top of page


Toenails of people of all ages can undergo a range of changes, some of which are relatively common. They can become thick, brittle, curved, discoloured, infected, clubbed, bumpy and grooved. Toenail problems may be caused by warts, tumours under the nail, infection, or poor circulation. Major toenail problem culprits are incorrectly fitting shoes, which press too tightly on the toenails. Injury, such as bruising under the nail and infection, can cause permanent nail deformity.


Common conditions and treatment


Ingrown toenails - This is the most common toenail problem. Ingrown toenails may be caused by improperly trimmed toenails, very curved edges of nails, shoe pressure or repeated trauma to the feet from normal activities. They may also be inherited. Frequently, the pain is due to a corn or callus in the groove (or sulcus) of the toenail. Most cases will require conservative treatment, while others may need a minor surgical correction, which can be conducted in your podiatrist's rooms using a local anaesthetic.


Thickened nails - This is a common condition. It is usually the result of injury to the nail bed, such as dropping something heavy on your toes, or fungal infection. Thickened nails can be thinned down by a podiatrist easily and painlessly.


Fungal infections - Fungal infections are among the most troublesome of nail conditions to treat. They are often characterised by thickening, discoloration and separation of the front of the nail from the nail bed. In some cases the nail crumbles. These infections tend to stay in the nail if they are not treated, and can infect the nail bed. There is a range of antifungal medications available for treatment, so see your doctor. Your podiatrist can assist with trimming and care of out-of-shape nail plates.


Trauma  - Trauma to the nails may lead to permanent nail deformity. This can be cared for by regular, non-painful podiatric treatment, involving filing and possibly the use of a special drill.


Older people and nail problems - Older people with poor circulation are prone to fragile or brittle nails. Many older people do not have the strength, flexibility, or eyesight to trim their nails, especially if the nails are deformed. They should seek podiatric care for these services, and advice regarding safe self care.


Warning signs

Any sudden changes in colour or shape of the nail, sign of infection, development of a freckle under the nail, or pain should be discussed with your podiatrist. Your podiatrist can diagnose the problem and then recommend an appropriate treatment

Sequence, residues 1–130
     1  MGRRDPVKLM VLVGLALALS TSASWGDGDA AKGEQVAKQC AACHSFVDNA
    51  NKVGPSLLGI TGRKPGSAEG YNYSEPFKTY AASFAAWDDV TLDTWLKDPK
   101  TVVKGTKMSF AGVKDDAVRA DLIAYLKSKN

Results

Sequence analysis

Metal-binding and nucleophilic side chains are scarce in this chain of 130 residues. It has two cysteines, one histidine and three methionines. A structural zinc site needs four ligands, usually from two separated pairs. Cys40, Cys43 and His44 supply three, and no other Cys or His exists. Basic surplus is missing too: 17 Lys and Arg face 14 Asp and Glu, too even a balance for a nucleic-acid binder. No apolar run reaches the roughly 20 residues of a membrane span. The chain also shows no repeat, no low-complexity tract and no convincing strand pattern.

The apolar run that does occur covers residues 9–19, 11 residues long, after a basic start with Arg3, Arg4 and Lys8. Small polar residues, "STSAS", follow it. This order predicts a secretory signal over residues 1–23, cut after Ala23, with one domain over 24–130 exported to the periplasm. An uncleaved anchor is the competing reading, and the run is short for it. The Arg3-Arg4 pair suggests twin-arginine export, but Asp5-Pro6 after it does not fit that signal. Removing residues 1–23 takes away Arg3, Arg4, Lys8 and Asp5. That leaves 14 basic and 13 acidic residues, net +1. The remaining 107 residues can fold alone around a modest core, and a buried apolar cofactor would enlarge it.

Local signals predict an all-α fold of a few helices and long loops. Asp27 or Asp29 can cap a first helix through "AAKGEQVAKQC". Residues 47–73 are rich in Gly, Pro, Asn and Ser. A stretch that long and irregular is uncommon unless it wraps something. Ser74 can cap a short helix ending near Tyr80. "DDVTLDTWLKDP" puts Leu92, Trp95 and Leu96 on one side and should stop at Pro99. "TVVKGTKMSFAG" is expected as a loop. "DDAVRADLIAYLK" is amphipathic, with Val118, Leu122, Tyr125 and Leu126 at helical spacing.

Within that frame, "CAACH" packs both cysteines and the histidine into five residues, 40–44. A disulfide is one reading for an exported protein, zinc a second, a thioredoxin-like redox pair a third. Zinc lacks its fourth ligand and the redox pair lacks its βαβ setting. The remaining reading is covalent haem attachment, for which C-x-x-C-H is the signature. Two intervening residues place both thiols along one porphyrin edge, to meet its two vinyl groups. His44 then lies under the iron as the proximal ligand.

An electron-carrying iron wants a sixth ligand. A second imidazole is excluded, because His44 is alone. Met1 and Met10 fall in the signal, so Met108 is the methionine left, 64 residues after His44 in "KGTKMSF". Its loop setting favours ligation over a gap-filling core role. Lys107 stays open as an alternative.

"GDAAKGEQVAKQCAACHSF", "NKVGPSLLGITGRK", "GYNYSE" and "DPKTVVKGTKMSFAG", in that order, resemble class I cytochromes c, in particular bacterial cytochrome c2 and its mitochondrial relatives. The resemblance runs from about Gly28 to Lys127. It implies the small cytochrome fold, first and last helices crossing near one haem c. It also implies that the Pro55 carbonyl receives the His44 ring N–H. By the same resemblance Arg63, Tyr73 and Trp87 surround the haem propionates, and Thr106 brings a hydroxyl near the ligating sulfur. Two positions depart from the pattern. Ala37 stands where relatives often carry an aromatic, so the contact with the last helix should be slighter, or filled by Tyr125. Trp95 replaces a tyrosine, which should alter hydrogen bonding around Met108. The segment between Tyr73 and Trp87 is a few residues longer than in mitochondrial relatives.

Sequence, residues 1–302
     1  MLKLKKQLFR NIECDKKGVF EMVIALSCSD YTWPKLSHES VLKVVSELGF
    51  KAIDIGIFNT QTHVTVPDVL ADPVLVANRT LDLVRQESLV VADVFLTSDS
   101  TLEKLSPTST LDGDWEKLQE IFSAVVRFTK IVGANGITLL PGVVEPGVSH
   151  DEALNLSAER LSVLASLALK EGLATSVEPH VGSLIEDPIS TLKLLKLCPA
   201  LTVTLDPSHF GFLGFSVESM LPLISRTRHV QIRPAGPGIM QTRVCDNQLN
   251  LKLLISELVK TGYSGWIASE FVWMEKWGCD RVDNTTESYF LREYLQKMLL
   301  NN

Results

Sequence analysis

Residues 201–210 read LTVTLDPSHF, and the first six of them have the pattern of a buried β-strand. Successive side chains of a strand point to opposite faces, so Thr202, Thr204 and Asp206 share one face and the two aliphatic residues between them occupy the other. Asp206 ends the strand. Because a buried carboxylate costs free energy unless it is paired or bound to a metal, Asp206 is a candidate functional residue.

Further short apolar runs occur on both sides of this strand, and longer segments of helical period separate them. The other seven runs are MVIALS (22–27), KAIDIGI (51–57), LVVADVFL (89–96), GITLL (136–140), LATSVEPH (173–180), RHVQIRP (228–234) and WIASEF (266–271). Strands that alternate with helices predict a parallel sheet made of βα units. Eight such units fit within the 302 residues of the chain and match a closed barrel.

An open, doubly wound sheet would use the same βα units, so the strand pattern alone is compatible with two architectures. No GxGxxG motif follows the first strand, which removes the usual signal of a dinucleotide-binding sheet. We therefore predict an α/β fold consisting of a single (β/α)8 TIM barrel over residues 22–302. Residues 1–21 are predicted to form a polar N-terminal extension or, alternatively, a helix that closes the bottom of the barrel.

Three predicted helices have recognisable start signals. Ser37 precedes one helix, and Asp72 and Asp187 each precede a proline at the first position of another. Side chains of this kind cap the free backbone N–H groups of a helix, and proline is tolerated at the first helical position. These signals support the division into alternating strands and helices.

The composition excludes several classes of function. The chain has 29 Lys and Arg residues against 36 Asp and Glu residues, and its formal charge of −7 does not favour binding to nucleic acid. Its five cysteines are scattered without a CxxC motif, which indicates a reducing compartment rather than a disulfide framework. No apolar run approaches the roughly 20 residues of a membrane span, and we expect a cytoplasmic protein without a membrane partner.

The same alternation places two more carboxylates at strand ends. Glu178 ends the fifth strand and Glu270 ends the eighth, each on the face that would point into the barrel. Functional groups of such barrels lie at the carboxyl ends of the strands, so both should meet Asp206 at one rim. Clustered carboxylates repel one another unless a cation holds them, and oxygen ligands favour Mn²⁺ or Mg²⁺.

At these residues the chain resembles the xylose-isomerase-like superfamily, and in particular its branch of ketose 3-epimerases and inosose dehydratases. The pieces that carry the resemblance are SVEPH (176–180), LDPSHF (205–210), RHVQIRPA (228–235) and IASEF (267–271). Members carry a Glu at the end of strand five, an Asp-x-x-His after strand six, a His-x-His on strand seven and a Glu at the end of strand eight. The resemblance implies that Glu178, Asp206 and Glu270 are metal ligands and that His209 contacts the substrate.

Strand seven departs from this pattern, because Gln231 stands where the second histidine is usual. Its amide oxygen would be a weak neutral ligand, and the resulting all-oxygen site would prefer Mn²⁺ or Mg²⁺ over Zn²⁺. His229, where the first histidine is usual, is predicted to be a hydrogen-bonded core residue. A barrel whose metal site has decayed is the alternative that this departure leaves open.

A corn is a small area of skin which has become thickened due to pressure on it. A corn is roughly round in shape. Corns press into the deeper layers of skin and can be painful.

  • Hard corns commonly occur on the top of the smaller toes or on the outer side of the little toe. These are the areas where poorly fitted shoes tend to rub most.

  • Soft corns sometimes form in between the toes, most commonly between the fourth and fifth toes. These are softer because the sweat between the toes keeps them moist. Soft corns can sometimes become infected.


A callus is larger and broader than a corn and has a less well-defined edge. These tend to form on the underside of your foot (the sole). They commonly form over the bony area just underneath your toes. This area takes much of your weight when you walk. They are usually painless but can become painful.


What causes corns and calluses?


The small bones of the toes and feet are broader and more lumpy near to the small joints of the toes. If there is extra rubbing (friction) or pressure on the skin overlying a small rough area of bone, this will cause the skin to thicken. This may lead to corns or calluses forming.

The common causes of rubbing and pressure are tight or poorly fitting shoes which tend to cause corns on the top of the toes and side of the little toe. Also, too much walking or running which tends to cause calluses on the sole of the feet.  Corns and calluses are more likely to develop if you have very prominent bony toes, thin skin, or any deformities of the toes or feet which cause the skin to rub more easily inside shoes.


What are the treatments for corns and calluses?


Advice and treatments usually considered include the following:

- Trimming (paring down) by a Podiatrist

- Shoes and footwear adjustments

- Footpads and toe protection

- Surgery



If you develop a painful corn or callus it is best to get expert advice from a Podiatrist to diagnose and treat foot disorders. You should not cut corns yourself, especially if you are elderly or have diabetes.


Corns and Callus

bottom of page